It was bittersweet driving to Lizotte’s last night. As I sat in my car outside the train station, waiting to collect my husband, I heard the news on the radio that “The Cubbyhouse” would close its doors in April. Long-term readers will know how much I adore this venue. A night out at Lizotte’s always feels like a treat. The food is amazing, the wine is good, the service friendly, and the entertainment top notch. I’ve been lucky enough to see artists like Jimmy Barnes, Amos Lee, Daryl Braithwaite, Richard Clapton, and Darren Percival there, in surroundings that are so beautifully intimate. The Newcastle arm will remain, and I’ll look forward to attending shows there, but I will miss this place terribly. How wonderful it was to have a venue which could attract such stellar talent and bring it to music lovers in such relaxed surrounds just 15 minutes from my home.
All those thoughts of how much I’d miss it ran through my head last night as I did my best to soak it all in. I savoured my wine, the crispy tempura prawn entrée, and the always impressive battered flathead and chunky chips. The combination of seafood and pinot grigio put me in a chilled space for the appearance of support act Simon Meli. I didn’t even mind that I was sitting behind a pole which prevented me taking decent photos. I was just excited to see this Voice alum stripped back with just an acoustic guitar, and performing the originals we didn’t get to experience on the show. I’m not sure if he’s improved since his time on the show or whether the TV didn’t do him justice, but his voice blew me away. There’s such a rich, warm quality to it. On The Voice I was impressed by his showmanship, but I didn’t feel he was one of the program’s strongest vocalists. After seeing what he can do just sitting on a stool, playing a guitar, I think perhaps I underestimated him. I loved his originals, but his closing cover of “Ramble On” was the highlight.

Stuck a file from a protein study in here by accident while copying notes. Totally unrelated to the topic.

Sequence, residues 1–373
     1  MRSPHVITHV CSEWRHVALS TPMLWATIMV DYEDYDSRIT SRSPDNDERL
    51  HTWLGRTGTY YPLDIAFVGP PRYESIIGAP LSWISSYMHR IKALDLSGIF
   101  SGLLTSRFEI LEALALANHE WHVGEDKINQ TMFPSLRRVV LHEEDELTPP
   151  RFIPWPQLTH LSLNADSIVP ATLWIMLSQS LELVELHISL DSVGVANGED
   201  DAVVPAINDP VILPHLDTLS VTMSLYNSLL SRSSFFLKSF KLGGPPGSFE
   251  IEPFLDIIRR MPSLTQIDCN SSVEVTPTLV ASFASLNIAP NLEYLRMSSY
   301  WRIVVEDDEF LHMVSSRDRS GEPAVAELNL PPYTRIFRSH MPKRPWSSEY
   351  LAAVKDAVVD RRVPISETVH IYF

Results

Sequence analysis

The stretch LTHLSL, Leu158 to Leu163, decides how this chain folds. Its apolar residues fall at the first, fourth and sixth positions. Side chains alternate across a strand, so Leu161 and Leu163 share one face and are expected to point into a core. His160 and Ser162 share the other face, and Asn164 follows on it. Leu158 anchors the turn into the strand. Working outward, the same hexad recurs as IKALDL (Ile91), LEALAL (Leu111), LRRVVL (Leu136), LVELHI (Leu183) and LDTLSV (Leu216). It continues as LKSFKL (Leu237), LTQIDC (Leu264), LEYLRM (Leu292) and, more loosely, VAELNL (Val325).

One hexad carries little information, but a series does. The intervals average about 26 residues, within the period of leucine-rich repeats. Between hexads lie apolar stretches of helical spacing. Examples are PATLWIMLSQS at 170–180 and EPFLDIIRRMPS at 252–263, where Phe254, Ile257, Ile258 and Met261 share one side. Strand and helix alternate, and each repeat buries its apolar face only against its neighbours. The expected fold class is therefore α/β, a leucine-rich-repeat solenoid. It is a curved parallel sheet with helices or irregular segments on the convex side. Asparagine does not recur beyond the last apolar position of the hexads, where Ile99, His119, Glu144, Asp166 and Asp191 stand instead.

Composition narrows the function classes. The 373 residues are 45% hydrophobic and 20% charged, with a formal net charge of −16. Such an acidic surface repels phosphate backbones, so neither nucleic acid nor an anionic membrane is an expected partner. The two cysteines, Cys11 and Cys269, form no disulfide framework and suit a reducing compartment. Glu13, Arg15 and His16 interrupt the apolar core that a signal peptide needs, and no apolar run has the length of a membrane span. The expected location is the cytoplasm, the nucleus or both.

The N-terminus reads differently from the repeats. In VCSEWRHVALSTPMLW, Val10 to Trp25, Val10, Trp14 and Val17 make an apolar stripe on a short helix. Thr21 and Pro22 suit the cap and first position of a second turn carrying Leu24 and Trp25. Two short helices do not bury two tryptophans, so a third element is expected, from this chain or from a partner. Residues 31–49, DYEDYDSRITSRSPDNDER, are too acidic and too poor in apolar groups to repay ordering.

Then it was Thirsty Merc’s turn to take the stage. It’s been such a long time since I saw them play, and they took me on a real trip down memory lane with their set. It was so cool hearing how they breathed new life into their material. So often an acoustic show delivers the same songs with quieter instruments, but Thirsty Merc took the opportunity to play around and make those early songs something new. I won’t lie, it wasn’t always successful. I felt the slowed-down version of “My Completeness” was sleepy, with none of the spark of the original. But with great risk comes great reward. “Katie Q” was a bit of a filler track on the band’s first album, but the jazzier live version had me tapping my feet. “Emancipate Myself,” the song that turned me on to the band all those years ago, and “Build a Bridge” were also real highlights.
This show had me feeling nostalgic, but it was about so much more than rehashing the past. Thirsty Merc might be closing the door to the first ten years of their life, but the inventiveness they showed in this set prove there’s still plenty of life in this Aussie band.
Image source: Thirsty Merc Facebook page